I have often posted on this blog about the benefits of exercise. For a more comprehensive approach to the developments in exercise physiology I recommend Maggie’s Farm. I have also been known to counsel clients on the benefits of being physically active. 

Naively, I had imagined that encouraging people to exercise was not controversial. What is wrong with doing something to improve your health. True enough, it requires effort. It requires discipline. And yet, it is well worth it. Any physician will tell you as much. 

But, now, the woke legions of contemporary feminists want us to know that if a man gives his wife a high end exercise bicycle for Christmas he is subjecting her to an unendurable insult, to her dignity, to her womanhood and to her feminist creed. You see, the hidden meaning, discernible only through the lens of feminist ideology, is that the gift of a Peloton can only mean that he thinks she is fat. 

Nothing about the ad in question suggests as much, but if you are a thin skinned feminist, you know the truth, and you will do everything in your power to make Peloton suffer for ever having suggested that a woman should get in shape. 

For your edification, here is the ad:



Apparently, the key to understanding the ad is the look on the woman’s face. She does not show great enthusiasm about her new Peloton. Which apparently  means, to the thin skinned feminist masses, that she believes the bike is a critique of her incipient flabbiness. By all indications she does not possess any body fat, but that has not prevented women who took critical theory courses in college from projecting whatever they want on her.

As for her less than thrilling facial expression, have we all forgotten the old mantra--- No pain, no gain. Might it be that she, like many people of my acquaintance, does not view exercise with quite the same enthusiasm as she might anticipate, say, a slice of chocolate cake.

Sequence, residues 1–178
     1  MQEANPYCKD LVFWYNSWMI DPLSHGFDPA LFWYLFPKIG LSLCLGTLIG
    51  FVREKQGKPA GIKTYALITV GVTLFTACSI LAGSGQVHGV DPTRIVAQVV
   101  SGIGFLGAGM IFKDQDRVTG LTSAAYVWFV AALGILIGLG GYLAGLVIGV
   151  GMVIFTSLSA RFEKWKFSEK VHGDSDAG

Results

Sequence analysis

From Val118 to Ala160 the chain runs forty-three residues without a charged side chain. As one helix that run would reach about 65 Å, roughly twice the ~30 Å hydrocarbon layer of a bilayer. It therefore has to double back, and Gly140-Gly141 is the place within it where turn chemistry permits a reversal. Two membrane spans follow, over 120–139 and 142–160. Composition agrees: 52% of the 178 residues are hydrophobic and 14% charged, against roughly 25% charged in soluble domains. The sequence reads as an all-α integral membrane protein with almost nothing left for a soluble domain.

One understands that she might have preferred a Hermes foulard or a diamond tennis bracelet, but still, we can easily imagine that an enlightened feminist might find such gifts to be sexist signs of patriarchal oppression, designating said wife as an ornament whose purpose in life is to sit around the house all day doing nothing but luxuriating.

For your further edification, examine the thoughts of Amanda Mull  in The Atlantic:

Those people all live in a culture where exercise has long been regarded as punishment for the joy of indulgence, and where women are supposed to maintain an impossible level of physical perfection well into middle age, lest they face the denigration of both the culture at large and their own romantic partners.

Wherever did she get this idea? In a culture where the good news about the value of exercise has been reported incessantly, and where women inhabit exercise and fitness classes in large numbers, whatever forces her to have such a negative view of the female body.

As it happens, for the record, men do not notice the extra globule of female body fat. That task has fallen to women. Women obsessively compare their bodies with those of other women.

As for the physical perfection, or the slimness quotient, have these women ever, for instance, glanced at the Sports Illustrated Swimsuit Magazine. Even before SI got woke, the magazine was not putting their swimsuits on stick-thin mannequins. In truth, you will be far more likely to find slim teenage mannequins in the pages of Vogue or Elle than you will in any magazine or on any website that attracts the male gaze. 

As for whether or not men are looking for women’s physical perfection, I recommend that Ms. Mull and her sisters ask a man what he thinks. 

Clearly, the outrage flung at Peleton, outrage that has by now cost it a billion dollars in market capitalization, should be seen as a symptom of the insecurity of modern liberated women. Women have abandoned the feminine mystique, notable for its ability to attract male interest. They have rejected all traditional female roles, like wife and mother, roles that define them as women in society. They have overthrown patriarchal rules concerning the division of household labor. They have summarily discarded the rules of dating and courtship, and have replaced them with Tinder hookups.